The secular state arose for the first time in history, abandoning and excluding as mythological any divine guarantee or legitimation of the political element, and declaring God is a private question that does not belong to the public sphere or to the democratic formation of the public will.
—Joseph Ratzinger, “The Spiritual Roots of Europe: Yesterday, Today and Tomorrow”, in Ratzinger and Pera, Without Roots: The West, Relativism, Christianity, Islam
Published in 2006, the book from which the above quotation is taken explores the increasing secularisation of the Western world and the loss of a sacred, transcendent view of life embodied by Christianity. In his essay Ratzinger (later Pope Benedict XVI) describes a modern Europe where the Christian religion is banished from the public square and where there is a widespread inability or unwillingness, in part, because of postmodern theory, to make judgments of relative worth.
Anthony O’Hear (“Religion and Public Life”, Quadrant, March 2015) also explores the intersection between religion and the state, with a particular focus on Christianity. While accepting that the state has a role to play as it provides a “framework in which people can lead peaceful and orderly lives”, O’Hear, like Ratzinger, warns against what he describes as the rise of “aggressively strident official secularism”. He provides the state’s increasing influence on education, illustrated by the British national curriculum and national testing, as an example of this imbalance. Additional examples, representing what O’Hear describes as “the illiberal abuse of state power”, involve the Conservative government forcing schools to teach gay rights and admonishing Jewish and Christian schools for failing to teach the officially endorsed line concerning homosexuality and multiculturalism.
Such is the strident nature of the British government’s campaign to enforce state-sanctioned thinking that Durham Free School, a Christian faith-based school, is being forced to close because of an adverse report by school inspectors. According to the inspectors, and based on a small number of children being unfamiliar with Islam, the school, supposedly, is guilty of “failing to prepare students for life in modern Britain. Some students hold discriminatory views of other people who have different faiths, values or beliefs from themselves.”
In opposition to what is described as “an over-mighty and illiberal state power”, O’Hear advocates “a pluralist view of society in which religion has a role to play distinct from that of the secular power or sovereign”. Much of his critique also applies to Australia, where school education has become an instrument employed by secular critics to undermine the contribution of Christianity to the nation’s history and the ability of faith-based schools to remain financially viable and true to their mission.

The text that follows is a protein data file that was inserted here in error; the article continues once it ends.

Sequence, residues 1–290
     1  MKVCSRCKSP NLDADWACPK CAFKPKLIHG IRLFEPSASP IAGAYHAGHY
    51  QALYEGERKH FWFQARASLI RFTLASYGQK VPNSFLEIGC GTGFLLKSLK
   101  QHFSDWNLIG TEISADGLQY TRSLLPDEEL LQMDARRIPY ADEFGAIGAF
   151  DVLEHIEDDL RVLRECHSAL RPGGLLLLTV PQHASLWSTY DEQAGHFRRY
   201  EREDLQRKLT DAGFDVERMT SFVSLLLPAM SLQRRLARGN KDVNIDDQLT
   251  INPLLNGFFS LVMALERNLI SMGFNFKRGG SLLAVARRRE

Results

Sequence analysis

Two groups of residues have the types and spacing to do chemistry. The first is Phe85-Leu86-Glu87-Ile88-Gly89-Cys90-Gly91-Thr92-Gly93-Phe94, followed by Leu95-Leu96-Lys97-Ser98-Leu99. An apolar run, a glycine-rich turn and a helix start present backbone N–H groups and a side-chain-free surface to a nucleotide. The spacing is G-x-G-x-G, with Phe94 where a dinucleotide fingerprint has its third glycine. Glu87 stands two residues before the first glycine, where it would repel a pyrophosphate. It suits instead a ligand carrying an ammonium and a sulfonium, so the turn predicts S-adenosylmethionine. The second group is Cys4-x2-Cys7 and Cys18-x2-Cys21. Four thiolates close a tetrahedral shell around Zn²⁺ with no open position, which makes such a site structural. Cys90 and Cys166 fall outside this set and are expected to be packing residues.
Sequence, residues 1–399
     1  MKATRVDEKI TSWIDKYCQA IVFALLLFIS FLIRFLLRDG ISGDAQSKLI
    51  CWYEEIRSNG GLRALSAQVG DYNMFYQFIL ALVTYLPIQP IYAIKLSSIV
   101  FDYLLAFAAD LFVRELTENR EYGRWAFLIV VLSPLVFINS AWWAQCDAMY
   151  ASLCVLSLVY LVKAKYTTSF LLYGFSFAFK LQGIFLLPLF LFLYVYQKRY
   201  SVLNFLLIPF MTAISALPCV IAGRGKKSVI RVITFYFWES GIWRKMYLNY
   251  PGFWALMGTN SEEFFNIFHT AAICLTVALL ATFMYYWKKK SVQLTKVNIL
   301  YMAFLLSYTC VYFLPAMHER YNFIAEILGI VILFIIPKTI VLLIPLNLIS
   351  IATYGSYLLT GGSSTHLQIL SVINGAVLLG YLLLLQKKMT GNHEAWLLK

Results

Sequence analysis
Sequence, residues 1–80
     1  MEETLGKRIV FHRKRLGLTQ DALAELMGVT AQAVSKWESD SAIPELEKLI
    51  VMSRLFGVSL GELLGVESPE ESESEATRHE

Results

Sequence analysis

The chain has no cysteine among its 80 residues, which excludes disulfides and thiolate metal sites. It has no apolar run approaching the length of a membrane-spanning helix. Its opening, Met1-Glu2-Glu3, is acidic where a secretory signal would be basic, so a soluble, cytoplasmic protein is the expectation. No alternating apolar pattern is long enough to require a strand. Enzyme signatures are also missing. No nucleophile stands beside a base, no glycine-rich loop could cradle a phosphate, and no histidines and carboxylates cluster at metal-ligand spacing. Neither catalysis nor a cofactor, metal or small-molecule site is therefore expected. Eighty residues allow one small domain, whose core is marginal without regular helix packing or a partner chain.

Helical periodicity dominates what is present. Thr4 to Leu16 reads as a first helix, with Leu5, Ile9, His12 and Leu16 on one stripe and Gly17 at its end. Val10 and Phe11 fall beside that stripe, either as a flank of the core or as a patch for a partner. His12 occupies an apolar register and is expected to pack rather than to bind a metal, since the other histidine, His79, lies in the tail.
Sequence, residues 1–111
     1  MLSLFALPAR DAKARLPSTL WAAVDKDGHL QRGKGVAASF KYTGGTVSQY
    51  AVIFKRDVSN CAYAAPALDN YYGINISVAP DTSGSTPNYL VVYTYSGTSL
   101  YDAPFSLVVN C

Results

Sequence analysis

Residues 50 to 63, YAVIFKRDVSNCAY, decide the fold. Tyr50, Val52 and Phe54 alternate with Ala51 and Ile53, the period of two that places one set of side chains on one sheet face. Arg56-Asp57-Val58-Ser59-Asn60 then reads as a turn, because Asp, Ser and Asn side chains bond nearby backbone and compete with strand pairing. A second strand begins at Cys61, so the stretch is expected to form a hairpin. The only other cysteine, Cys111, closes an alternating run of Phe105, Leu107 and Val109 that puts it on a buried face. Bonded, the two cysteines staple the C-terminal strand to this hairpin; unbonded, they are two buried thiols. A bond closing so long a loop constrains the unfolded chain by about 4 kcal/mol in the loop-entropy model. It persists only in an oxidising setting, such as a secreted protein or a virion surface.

Enforcing a cultural-Left secular agenda
Cardinal George Pell (“Religious Freedom in an Age of Militant Secularism”, Quadrant, October 2013) warns against government authorities and secular organisations imposing “a particular worldview” on religious institutions and individuals. In relation to faith-based schools, of which the overwhelming majority in Australia are Catholic schools, organisations like the Australian Education Union have a long history of attempting to undermine such schools by restricting funding and imposing a cultural-Left agenda.
Australia has a tripartite system of education, involving government, independent and faith-based schools, where 20 per cent of students are enrolled in Catholic schools. Religious schools, as well as non-government schools in general, receive funding from state and Commonwealth governments and there is a consensus among the major political parties and the Australian community that such schools should be supported. Not so the Australian Education Union (AEU), which argues:
Although substantial government funding to private schools has become entrenched in Australia in recent decades, we believe there is no pre-existing, pre-determined entitlement to public funding; i.e. there is no a priori justification for public funding to private schools.
Article 5.1 (b) of the UN Convention Against Discrimination in Education states that parents should be free to choose a school that best embodies their religious beliefs and that the religious and moral education their children receive should be “in conformity with their own convictions”. Implied in such a declaration is the belief that parents should not be financially penalised for choosing religious schools.
As argued by O’Hear, the freedom to choose is especially relevant in the context of a liberal, democratic society on the basis that “no one has such a comprehensive monopoly of wisdom as to have the right to impose that view on everyone else”.
In addition to seeking to jeopardise the financial viability of non-government schools, the AEU, like the Australian Greens, argues that religious schools should no longer be able to discriminate in relation to who they employ. Such critics also argue that faith-based schools should have non-discriminatory enrolment policies.
In its submission to the Commonwealth’s review of anti-discrimination laws the AEU argues: “An exception for religious organisations which would enable them to discriminate on the basis of sexual orientation or gender identity should not be included in the consolidated Act.” The Greens in Victoria argue in a similar fashion in their policy on “Sexual Orientation and Gender Identity” that its aim is to “Amend the Equal Opportunity Act 2010 to remove exemptions for religious organisations to discriminate on the grounds of sexual orientation or gender identity”.
The policy taken to the last Victorian state election by the now Labor government mirrors the AEU and the Greens policies: “A Labor Government will amend the Equal Opportunity Act 2010 and limit the ‘bona fide occupational requirement’ which makes it easier for employers to discriminate against people based on their sexuality.”